Website security is more important than ever. Web servers, which host the data and other content available to your customers on the Internet, are often the most targeted and attacked components of a company’s network. Cyber criminals are constantly looking for improperly secured websites to attack, while many customers say website security is a top consideration when they choose to shop online. As a result, it is essential to secure servers and the network infrastructure that supports them. The consequences of a security breach are great: loss of revenue, damage to credibility, legal liability and loss of customer trust.
The following are examples of specific security threats to Web servers:
- Cyber criminals may exploit software bugs in the Web server, underlying operating system or active content to gain unauthorized access to the Web server. Examples of unauthorized access include gaining access to files or folders that were not meant to be publicly accessible and being able to execute commands and/or install malicious software on the Web server.
- Denial-of-service attacks may be directed at the Web server or its supporting network infrastructure to prevent or hinder your website users from making use of its services. This can include preventing the user from accessing email, websites, online accounts or other services. The most common attack occurs when the attacker floods a network with information, so that it can’t process the user’s request.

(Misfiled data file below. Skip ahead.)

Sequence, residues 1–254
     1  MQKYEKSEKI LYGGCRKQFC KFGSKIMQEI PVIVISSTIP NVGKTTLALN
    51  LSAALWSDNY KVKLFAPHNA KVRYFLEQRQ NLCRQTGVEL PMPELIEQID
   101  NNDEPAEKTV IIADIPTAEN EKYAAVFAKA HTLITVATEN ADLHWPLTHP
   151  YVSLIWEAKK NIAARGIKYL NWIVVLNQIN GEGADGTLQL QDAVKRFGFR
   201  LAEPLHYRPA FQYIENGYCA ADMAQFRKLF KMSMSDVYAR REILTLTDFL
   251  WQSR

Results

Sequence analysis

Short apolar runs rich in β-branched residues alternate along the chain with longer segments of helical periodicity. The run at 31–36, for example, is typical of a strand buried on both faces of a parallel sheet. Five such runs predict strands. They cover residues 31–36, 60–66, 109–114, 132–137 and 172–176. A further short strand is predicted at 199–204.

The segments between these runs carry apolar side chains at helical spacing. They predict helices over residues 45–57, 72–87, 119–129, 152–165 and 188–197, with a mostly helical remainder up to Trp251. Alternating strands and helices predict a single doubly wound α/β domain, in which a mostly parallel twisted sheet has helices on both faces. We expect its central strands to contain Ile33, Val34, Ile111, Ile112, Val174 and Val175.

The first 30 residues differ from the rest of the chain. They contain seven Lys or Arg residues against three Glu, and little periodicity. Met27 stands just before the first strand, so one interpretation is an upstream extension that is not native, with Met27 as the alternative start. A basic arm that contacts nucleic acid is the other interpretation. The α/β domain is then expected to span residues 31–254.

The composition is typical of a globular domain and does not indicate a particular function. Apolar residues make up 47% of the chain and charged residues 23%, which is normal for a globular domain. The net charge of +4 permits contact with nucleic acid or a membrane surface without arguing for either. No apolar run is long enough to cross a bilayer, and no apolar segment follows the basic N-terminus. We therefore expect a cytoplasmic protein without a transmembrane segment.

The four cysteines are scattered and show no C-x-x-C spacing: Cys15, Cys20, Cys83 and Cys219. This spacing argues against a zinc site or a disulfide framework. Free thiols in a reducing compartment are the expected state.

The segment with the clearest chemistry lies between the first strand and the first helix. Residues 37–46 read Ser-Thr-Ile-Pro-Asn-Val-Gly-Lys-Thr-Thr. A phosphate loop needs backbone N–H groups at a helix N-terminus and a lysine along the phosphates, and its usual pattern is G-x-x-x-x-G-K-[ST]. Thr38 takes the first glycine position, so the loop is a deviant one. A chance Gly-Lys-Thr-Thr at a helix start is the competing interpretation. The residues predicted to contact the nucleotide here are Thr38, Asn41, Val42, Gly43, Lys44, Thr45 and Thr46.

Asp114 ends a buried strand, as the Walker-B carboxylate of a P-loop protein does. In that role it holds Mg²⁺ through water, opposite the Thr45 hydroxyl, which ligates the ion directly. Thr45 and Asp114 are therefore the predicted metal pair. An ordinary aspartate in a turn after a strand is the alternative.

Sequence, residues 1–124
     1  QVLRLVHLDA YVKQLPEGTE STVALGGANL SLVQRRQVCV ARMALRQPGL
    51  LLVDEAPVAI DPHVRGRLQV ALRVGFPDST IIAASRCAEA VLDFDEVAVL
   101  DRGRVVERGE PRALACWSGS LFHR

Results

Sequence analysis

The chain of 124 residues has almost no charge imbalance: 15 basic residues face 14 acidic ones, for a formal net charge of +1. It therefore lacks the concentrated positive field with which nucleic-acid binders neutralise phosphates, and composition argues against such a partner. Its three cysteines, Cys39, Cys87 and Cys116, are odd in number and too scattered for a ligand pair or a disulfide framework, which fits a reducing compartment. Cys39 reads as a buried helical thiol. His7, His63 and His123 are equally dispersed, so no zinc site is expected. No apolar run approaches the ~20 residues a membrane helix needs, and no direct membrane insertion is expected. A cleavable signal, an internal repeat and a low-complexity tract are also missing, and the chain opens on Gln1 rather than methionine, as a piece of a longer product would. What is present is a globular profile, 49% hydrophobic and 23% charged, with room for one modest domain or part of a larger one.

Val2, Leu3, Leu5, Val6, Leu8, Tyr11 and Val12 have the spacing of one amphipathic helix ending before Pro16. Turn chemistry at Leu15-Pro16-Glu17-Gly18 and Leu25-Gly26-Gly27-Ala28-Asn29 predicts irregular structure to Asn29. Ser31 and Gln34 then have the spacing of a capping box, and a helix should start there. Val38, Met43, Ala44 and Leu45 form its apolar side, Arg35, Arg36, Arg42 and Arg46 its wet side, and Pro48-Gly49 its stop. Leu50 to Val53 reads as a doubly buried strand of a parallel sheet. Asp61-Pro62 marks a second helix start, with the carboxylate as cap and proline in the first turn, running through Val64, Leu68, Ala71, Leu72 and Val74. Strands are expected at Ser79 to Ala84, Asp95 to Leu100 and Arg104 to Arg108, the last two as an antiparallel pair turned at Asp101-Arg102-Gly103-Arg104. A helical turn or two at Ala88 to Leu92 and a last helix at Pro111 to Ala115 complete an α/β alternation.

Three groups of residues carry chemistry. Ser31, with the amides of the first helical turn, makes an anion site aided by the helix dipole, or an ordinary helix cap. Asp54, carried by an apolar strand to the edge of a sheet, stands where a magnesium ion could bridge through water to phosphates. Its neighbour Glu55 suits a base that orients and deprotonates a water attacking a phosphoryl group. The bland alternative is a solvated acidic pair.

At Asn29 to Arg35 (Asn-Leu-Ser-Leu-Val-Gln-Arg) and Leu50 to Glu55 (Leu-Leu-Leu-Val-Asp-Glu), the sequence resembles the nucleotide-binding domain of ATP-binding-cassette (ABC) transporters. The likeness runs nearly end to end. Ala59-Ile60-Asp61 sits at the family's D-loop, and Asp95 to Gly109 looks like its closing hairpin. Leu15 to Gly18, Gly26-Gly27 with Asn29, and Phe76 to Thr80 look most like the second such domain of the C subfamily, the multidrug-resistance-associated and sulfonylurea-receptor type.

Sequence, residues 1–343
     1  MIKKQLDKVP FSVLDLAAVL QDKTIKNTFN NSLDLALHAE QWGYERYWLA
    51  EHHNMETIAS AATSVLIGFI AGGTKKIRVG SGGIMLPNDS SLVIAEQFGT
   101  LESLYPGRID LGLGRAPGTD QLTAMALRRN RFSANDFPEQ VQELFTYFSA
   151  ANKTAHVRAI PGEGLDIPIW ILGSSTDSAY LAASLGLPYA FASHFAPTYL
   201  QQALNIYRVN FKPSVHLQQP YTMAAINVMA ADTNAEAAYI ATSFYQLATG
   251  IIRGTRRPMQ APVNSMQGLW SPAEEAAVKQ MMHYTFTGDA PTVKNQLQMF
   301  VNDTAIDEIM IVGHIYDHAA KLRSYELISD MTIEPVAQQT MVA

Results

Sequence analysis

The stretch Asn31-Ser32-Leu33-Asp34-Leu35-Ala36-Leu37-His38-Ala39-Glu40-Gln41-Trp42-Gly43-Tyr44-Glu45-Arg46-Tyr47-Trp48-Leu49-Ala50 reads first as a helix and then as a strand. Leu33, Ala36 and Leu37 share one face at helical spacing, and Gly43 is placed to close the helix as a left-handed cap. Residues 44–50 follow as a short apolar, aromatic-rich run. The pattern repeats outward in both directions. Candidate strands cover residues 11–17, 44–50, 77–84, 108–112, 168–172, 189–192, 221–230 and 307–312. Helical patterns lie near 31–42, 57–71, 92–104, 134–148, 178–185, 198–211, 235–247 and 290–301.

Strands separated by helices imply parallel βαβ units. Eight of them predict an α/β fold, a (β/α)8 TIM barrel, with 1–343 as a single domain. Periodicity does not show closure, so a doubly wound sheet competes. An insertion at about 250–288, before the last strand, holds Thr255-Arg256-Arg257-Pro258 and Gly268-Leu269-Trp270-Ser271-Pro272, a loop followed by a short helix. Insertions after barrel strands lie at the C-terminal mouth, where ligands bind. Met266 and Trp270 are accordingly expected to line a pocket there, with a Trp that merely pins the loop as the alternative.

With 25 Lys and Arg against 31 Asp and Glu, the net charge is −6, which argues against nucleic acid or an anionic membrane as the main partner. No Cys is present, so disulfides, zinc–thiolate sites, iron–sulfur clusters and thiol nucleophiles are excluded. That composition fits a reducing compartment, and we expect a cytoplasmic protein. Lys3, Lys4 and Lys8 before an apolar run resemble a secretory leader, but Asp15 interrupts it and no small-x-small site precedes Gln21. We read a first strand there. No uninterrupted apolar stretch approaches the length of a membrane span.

- Sensitive information on the Web server may be read or modified without authorization.
- Sensitive information on backend databases that are used to support interactive elements of a Web application may be compromised through the injection of unauthorized software commands. Examples include Structured Query Language (SQL) injection, Lightweight Directory Access Protocol (LDAP) injection and cross-site scripting (XSS).
- Sensitive unencrypted information transmitted between the Web server and the browser may be intercepted.
- Information on the Web server may be changed for malicious purposes. Website defacement is a commonly reported example of this threat.
- Cyber criminals may gain unauthorized access to resources elsewhere in the organization’s network with a successful attack on the Web server.
- Cyber criminals may also attack external entities after compromising a Web server. These attacks can be launched directly (e.g., from the compromised server against an external server) or indirectly (e.g., placing malicious content on the compromised Web server that attempts to exploit vulnerabilities in the Web browsers of users visiting the site).
- The server may be used as a distribution point for attack tools, pornography or illegally copied software.
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Clarke & Sampson has been around for seventy years now, and we've kept up with the modern advancements. Please contact us today if you have any further questions about cyber security and what you can do to prevent it. 703.683.6601